AGCOM underlines importance of Dignity Decree rules amid YouTube breach

AGCOM sends Dignity Decree rules reminder after YouTube breach
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Autorità per le Garanzie nelle Comunicazioni (AGCOM) has issued a firm reminder that Dignity Decree rules on gambling advertising must be strictly adhered to in Italy, following a recent breach by Google Ireland Ltd.

Google was fined €750,000 by AGCOM in August after allowing its YouTube platform to promote gambling-related content on its video channels.

This was adjudged to  breach  Article 9 of the Dignity Decree (2018), which prohibits any form of direct and indirect gambling advertising from being displayed to Italian audiences.

The media and communications agency also issued a €700,000 fine to Malta-based affiliated marketing agency Top Ads Ltd for creating illicit content promoting gambling offers on

AGCOM stated: “This is the first measure taken by the office against a video hosting service provider for allowing the distribution of banned advertisements relating to games with cash winnings.”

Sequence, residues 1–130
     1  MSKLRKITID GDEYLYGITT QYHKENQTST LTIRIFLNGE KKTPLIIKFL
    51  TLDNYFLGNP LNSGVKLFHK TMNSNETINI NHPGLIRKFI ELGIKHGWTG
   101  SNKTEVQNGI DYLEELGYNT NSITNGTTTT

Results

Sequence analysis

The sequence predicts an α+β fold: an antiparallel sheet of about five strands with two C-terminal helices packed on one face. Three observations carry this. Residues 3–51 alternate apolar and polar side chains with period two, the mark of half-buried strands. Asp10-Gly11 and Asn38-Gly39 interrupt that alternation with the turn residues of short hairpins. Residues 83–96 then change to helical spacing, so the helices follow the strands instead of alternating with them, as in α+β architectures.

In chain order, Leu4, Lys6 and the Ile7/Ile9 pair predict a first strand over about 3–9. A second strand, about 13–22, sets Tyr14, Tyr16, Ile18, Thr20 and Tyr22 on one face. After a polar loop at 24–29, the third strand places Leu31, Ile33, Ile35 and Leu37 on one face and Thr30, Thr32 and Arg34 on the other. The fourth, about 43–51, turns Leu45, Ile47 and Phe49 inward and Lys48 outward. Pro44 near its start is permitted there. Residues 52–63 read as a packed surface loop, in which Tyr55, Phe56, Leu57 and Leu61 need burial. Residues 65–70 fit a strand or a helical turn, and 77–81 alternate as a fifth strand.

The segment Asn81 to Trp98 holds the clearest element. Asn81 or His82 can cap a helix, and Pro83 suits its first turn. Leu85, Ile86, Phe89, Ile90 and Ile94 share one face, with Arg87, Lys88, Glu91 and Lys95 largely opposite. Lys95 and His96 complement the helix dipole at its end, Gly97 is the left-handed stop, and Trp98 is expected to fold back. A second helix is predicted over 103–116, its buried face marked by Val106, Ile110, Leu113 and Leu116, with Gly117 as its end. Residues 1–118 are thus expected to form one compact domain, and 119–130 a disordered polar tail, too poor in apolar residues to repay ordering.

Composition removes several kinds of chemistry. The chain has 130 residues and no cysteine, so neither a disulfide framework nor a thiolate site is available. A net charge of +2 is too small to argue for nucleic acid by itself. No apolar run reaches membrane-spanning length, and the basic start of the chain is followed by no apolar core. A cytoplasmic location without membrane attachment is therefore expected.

The agency reprimanded YouTube for authorising Top Ads as a ‘verified partner’, allowing its channels to post gambling content without scrutiny.

“YouTube was found liable for not taking action to remove the illegal content widely distributed on its platform by a third party,” AGCOM explained.

AGCOM underlined that it held the full authorisation to penalise foreign media owners due to recent rulings by the European Court of Justice (ECJ) favouring the authority of state agencies on gambling adverts.

Google has history with AGCOM and breaches of the Dignity Decree rules – in 2021, AGCOM ordered Google to pay €100,000 for breaching rules on its search engine and third-party ad-publishing network.

However, a review by a Rome Court judged that Google ads are created in full ‘autonomy by the advertiser’, who generates their content through an ‘automated process’.

As such, Google advertisers must register and verify their accounts whilst accepting the rules of Google platforms that prohibit and restrict certain ad-categories such as gambling, tobacco, alcohol, and drugs, dependent on the specific laws of each jurisdiction.

This follows another regulation reminder in Italy earlier this year, when the country’s ADM, Agency of Customs and Monopolies, warned operators and retail brokers that it would apply new controlling mechanisms into Punto Vendita Ricarica (PVR), retail points of sale for gambling concessions.